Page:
In a recent decision we would describe as extremely ill-advised, the judge presiding over the case of James Holmes, the alleged perpetrator of the mass killing at a Colorado theatre, has allowed a “narcoanalytic interview.”
This interview, as part of the court’s efforts to determine whether or not Holmes was legally insane at the time of the mass shooting, will use a “truth serum,” such as sodium pentothal. (An article in Slate defines a “narcoanalytic interview” as an interview between a psychiatrist and a patient–in this case, Holmes–during which the patient is given a drug such as sodium amobarbital. The patient is then questioned about the event by the psychiatrist after showing one or more symptoms of the drug’s effects.)
This article opines that the use of a truth serum is “magical thinking,” an opinion with which we concur. “Truth serums,” the stuff of Harry Potter movies and other fantastical works, have long been a dream of scientists and law enforcement. The original “truth serum,” discovered in 1936, is still used during surgery to keep patients unconscious. The side effect of this drug encouraged many to think of it as a “truth serum”: it made patients suffer a loss of inhibitions, meaning they would jabber on.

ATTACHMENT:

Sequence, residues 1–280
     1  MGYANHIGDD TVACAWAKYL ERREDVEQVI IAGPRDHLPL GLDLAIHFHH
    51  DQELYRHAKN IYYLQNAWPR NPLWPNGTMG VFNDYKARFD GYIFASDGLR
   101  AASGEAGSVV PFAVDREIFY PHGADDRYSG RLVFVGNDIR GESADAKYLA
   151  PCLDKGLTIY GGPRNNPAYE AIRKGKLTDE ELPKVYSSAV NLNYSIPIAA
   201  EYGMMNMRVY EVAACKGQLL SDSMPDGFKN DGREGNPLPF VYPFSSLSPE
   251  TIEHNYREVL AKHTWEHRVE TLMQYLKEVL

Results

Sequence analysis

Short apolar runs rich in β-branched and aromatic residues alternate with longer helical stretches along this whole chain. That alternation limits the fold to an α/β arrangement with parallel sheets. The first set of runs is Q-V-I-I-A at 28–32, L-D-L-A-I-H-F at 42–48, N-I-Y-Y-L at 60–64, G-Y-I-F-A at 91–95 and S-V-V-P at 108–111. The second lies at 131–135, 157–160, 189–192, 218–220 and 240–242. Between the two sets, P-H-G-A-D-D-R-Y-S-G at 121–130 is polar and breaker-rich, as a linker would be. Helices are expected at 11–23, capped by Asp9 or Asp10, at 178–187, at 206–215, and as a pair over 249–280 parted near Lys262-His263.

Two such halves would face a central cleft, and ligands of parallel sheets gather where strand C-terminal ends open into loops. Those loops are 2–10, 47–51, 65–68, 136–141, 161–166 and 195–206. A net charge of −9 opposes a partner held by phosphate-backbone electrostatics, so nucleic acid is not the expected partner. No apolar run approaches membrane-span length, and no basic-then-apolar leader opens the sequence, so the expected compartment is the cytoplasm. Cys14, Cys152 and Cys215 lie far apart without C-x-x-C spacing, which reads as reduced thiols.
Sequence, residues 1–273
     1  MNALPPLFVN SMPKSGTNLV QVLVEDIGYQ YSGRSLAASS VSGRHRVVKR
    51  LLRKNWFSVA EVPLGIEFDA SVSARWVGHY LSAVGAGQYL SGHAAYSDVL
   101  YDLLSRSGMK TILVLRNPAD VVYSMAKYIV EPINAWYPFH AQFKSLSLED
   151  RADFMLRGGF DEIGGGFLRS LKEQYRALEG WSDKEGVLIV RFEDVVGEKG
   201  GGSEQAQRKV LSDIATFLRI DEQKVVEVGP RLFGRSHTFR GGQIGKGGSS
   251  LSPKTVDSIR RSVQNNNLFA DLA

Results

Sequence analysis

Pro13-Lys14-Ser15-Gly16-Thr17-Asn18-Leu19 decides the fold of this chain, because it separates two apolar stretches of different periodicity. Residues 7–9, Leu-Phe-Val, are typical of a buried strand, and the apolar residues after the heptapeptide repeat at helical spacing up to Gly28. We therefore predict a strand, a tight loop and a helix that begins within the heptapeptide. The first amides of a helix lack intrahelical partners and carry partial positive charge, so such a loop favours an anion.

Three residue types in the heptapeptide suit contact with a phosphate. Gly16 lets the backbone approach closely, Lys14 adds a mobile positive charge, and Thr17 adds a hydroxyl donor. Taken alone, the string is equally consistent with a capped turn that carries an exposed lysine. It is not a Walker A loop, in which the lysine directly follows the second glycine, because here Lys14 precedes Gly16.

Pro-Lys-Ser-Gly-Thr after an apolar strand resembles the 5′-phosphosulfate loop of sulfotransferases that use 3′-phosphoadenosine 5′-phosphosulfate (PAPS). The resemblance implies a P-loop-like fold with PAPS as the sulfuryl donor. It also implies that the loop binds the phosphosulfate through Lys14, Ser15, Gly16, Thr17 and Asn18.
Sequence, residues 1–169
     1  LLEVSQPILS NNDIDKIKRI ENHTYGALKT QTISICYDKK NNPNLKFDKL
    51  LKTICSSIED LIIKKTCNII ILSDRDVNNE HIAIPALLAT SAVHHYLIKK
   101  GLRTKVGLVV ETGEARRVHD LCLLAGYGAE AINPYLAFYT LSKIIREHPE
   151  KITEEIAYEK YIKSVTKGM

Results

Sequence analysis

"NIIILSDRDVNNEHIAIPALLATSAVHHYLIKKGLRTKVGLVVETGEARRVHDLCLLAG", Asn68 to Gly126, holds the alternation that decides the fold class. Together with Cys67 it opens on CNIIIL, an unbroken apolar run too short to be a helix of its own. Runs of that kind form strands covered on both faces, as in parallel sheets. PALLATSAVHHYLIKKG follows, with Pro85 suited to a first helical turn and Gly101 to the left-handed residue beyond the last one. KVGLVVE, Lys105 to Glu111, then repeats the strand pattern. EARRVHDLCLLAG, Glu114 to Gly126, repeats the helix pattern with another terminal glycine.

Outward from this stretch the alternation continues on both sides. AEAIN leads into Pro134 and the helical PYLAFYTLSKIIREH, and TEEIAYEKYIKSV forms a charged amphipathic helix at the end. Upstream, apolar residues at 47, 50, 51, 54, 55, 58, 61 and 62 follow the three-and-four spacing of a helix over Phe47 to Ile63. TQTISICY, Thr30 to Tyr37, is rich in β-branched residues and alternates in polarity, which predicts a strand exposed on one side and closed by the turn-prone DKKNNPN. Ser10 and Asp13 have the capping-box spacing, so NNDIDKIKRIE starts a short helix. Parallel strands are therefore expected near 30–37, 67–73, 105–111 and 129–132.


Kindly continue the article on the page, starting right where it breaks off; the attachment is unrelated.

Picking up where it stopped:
But does a lack of inhibition mean that someone is necessarily telling the truth? The answer is no. Though people on the drug do talk more uninhibitedly, they may not stop lying. In addition, they are apt to “grow more compliant, tending to agree with those asking them leading questions.” Because of this compliant tendency, a “truth serum” used to find the truth could have the opposite effect.
The use of actual, reliable “truth serums” would be an immense benefit to law enforcement during interrogation. Unfortunately, they do not exist. There is a complete lack of evidence that people under the influence of a “truth serum” reliably communicate the truth. As a result, it is preposterous to allow this pseudo-science as sound evidence in a court of law.
The author of the article notes that the judge’s decision may pave the way for Holmes’ defense lawyers to argue that his Fifth Amendment rights against self-incrimination are being violated if he (Holmes) is questioned while drugged.